Casino Is Still The Best Casino Movie

Captivating buildings, huge crowds of people, glamorous sights, breath-taking events, 24-hour entertainment, spinning roulette and a whole lot of money. Do you already have a clue as to what we’re talking about? Casino world. It is a mixture of excitement, hope and luxury, all tangled up to create an amazing atmosphere that can either make you the happiest person on earth or devastate you.

It’s no mistake that some of the most iconic movies ever made have been set in casinos (mostly Las Vegas casinos). From mob stories and heists, to espionage thrillers and comedies, all have been set beside the roulette and poker tables of the strip. But have no fear, not all casino action has to take place in Nevada. You can visit online casinos such as Conquer Casino UK and avoid a confrontation with a mafioso style pit boss! Using an online casino also means that you don’t have to carry large amounts of cash around, and you can also log on to play wherever you are and whatever you are doing- on the train, on your lunchbreak, or curled up on the sofa at home!

But if you’re still left with a craving for some Las Vegas glitz and glamour, there’s really only one movie you need to watch to give you that casino feeling from the comfort of home… Martin Scorsese’s 1995 masterpiece, Casino.

Casino is the quintessential Las Vegas casino movie. The film explores the greed and violence that ran through the heart of the mob’s involvement in gambling in the 1970’s and 1980’s. People talk and talk about how Vegas works, and Scorsese’s camera sprints to keep up. He’s like an energetic tour guide making sure we understand everything.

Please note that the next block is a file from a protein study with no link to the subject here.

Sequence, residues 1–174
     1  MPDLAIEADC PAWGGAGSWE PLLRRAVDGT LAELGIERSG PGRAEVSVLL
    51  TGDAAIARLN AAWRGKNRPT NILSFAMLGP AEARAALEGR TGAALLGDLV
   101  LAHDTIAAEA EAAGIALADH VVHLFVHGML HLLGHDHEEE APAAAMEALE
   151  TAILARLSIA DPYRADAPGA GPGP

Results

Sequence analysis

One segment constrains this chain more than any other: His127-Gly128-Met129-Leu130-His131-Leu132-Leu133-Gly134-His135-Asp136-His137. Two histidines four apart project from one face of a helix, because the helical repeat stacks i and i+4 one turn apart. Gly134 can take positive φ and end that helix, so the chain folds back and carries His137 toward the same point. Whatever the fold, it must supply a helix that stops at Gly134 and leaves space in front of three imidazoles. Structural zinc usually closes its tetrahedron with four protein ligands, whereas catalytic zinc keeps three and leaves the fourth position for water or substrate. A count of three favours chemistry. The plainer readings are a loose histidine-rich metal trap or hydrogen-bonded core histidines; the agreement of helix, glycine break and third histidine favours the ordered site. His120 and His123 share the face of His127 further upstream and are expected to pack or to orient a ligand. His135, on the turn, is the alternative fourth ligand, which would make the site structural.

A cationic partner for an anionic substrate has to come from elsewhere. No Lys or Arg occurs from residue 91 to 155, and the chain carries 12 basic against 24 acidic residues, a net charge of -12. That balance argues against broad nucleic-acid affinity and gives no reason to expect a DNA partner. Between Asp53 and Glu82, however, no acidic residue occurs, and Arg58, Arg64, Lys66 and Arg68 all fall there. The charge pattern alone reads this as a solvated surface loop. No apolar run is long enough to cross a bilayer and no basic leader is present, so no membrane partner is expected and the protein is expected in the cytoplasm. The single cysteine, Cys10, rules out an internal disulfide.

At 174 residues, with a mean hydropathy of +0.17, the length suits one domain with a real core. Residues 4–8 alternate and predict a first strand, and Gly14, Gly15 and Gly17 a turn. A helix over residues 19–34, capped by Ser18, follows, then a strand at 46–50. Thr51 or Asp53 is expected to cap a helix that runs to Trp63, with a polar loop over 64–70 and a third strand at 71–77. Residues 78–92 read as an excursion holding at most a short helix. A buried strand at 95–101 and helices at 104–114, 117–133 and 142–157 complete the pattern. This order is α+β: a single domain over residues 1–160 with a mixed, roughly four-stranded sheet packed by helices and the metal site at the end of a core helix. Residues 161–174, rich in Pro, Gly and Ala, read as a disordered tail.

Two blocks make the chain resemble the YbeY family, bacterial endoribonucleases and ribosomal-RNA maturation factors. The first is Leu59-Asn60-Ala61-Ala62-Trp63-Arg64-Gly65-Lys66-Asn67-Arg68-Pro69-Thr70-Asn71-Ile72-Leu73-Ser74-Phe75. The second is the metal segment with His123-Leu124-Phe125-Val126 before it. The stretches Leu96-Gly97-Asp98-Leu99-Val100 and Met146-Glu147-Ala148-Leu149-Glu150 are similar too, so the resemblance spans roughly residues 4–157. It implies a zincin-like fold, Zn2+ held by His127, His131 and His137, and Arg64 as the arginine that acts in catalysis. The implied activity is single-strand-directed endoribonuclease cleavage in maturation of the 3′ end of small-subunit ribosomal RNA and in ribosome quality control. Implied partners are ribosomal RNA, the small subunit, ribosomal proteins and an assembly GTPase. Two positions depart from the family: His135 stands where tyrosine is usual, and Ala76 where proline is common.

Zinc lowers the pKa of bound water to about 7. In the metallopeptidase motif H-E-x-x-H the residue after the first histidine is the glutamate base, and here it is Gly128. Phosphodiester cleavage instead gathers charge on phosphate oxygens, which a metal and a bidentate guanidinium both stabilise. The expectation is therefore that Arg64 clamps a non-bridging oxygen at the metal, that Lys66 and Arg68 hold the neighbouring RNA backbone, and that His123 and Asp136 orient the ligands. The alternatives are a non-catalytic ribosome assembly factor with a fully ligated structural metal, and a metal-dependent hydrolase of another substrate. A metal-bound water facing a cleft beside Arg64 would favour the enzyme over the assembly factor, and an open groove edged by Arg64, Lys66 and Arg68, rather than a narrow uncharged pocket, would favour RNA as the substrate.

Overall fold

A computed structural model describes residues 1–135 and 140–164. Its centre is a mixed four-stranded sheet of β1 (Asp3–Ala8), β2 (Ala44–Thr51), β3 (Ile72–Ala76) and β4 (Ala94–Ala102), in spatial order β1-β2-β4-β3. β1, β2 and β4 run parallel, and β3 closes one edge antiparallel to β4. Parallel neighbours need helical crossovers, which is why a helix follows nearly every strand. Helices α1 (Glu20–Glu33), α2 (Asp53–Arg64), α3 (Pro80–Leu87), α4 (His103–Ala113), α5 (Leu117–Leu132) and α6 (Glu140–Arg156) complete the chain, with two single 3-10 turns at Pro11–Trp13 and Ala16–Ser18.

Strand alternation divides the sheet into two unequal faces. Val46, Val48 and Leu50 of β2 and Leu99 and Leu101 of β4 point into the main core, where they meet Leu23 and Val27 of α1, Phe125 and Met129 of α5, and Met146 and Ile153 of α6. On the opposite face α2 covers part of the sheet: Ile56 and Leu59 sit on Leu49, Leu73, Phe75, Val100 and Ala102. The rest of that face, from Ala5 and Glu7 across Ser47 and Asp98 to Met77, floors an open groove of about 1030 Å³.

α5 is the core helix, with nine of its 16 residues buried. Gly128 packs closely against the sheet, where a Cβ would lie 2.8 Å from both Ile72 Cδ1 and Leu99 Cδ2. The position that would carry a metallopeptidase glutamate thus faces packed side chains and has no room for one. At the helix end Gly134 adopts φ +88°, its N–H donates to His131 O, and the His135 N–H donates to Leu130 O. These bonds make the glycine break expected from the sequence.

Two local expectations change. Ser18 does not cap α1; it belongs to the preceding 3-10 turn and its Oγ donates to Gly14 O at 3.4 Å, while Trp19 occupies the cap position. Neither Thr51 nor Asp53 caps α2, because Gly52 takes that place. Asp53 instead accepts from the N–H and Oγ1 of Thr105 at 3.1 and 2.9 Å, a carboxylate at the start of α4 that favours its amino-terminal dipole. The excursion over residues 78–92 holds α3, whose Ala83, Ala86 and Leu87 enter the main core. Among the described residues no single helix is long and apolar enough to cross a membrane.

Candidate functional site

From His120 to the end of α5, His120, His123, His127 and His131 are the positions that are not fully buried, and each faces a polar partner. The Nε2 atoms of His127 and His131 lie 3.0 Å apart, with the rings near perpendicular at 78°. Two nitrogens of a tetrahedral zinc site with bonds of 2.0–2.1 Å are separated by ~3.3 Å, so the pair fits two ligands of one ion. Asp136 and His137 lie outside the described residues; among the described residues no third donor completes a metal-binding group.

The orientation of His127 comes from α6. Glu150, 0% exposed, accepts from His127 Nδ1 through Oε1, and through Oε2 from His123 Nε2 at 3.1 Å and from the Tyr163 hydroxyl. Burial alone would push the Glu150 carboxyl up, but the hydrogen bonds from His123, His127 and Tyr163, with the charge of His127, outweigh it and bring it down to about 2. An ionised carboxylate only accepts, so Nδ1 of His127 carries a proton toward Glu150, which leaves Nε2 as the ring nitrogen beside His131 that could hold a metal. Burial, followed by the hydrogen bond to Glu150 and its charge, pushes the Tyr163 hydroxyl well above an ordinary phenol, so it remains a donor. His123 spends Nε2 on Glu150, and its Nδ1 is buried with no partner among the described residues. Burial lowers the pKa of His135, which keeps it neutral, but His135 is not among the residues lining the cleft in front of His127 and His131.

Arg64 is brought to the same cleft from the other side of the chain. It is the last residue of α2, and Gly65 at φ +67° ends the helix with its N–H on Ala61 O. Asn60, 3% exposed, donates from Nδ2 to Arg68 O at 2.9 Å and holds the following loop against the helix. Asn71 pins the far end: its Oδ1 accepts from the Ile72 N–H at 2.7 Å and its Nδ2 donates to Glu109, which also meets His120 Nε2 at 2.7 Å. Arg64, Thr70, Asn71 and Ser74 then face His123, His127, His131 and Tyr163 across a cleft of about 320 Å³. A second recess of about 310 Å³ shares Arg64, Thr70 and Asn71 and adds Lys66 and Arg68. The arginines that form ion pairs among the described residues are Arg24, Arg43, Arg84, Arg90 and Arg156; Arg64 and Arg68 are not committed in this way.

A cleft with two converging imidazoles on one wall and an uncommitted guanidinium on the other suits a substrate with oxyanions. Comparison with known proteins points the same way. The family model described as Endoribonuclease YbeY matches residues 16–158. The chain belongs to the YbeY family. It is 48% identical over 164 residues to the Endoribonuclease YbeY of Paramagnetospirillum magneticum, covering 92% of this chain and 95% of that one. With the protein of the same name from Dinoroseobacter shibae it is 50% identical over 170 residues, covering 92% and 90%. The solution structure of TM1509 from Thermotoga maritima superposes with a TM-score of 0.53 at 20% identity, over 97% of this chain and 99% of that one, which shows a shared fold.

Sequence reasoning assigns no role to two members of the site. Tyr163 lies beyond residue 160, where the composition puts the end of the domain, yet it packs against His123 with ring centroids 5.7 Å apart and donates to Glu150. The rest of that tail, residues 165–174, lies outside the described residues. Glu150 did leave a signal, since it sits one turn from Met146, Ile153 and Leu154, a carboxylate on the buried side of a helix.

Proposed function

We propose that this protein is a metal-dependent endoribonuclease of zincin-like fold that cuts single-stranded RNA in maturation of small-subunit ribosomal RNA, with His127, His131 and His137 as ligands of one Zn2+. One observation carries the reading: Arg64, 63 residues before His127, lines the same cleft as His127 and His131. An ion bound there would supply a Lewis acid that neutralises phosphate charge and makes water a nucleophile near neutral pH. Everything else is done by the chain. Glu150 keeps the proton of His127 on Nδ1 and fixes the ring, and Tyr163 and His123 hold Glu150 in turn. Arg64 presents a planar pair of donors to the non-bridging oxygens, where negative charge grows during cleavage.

In much the same way as Goodfellas before it, Casino is another collaboration between crime reporter Nicholas Pileggi and Martin Scorsese, and one that also details the life of a career criminal: Frank Rosenthal (renamed as Sam “Ace” Rothstein in the film). Unlike Scorsese’s earlier gangster film though, Casino was a much more glamorous and indulgent affair, detailing the life of Rosenthal (Robert De Niro) as he rose up to a position of prominence as the manager of a mob-run Las Vegas casino.

Nicky Santoro (Joe Pesci) was Ace’s extremely violent sidekick on their way up in the shadow of the criminal world, and Ace isn’t exactly thrilled when Nicky also relocates to Vegas. Ace meets and marries professional hustler Ginger McKenna (Sharon Stone), a gorgeous but money-hungry gold digger with an unhealthy attachment to small time hustler Lester Diamond (James Woods). Eventually Ace’s life begins to unravel: he insults the wrong local power brokers and runs afoul of Vegas’ licensing requirements; Nicky’s violent methods reflect badly on Ace’s business; and Ginger looks to rob him blind and make off with their daughter.

Visually, Casino is quite stunning and manages to really capture the excitement and glitz of gambling in a casino. So long as Casino stays focused on the excesses – of language, of violence, of ambition – in the life-styles of the rich and infamous, it remains a truly smart and knowing spectacle. And the ultimate cautionary tale.

When it all falls apart, when the mob gets run out because they got too sloppy, when Nicky is buried alive in a cornfield, when Ginger takes off with $1.2 million of Ace’s money and ODs, when the decrepit ancient bosses get indicted and turn Vegas into Wiseguy Valhalla, an acute sense of loss and diminution washes over you. It’s the same kind of strange pity you feel when the aging sisters of The Strip—The Hacienda, The Dunes, The Sands—get dynamited down into dust.

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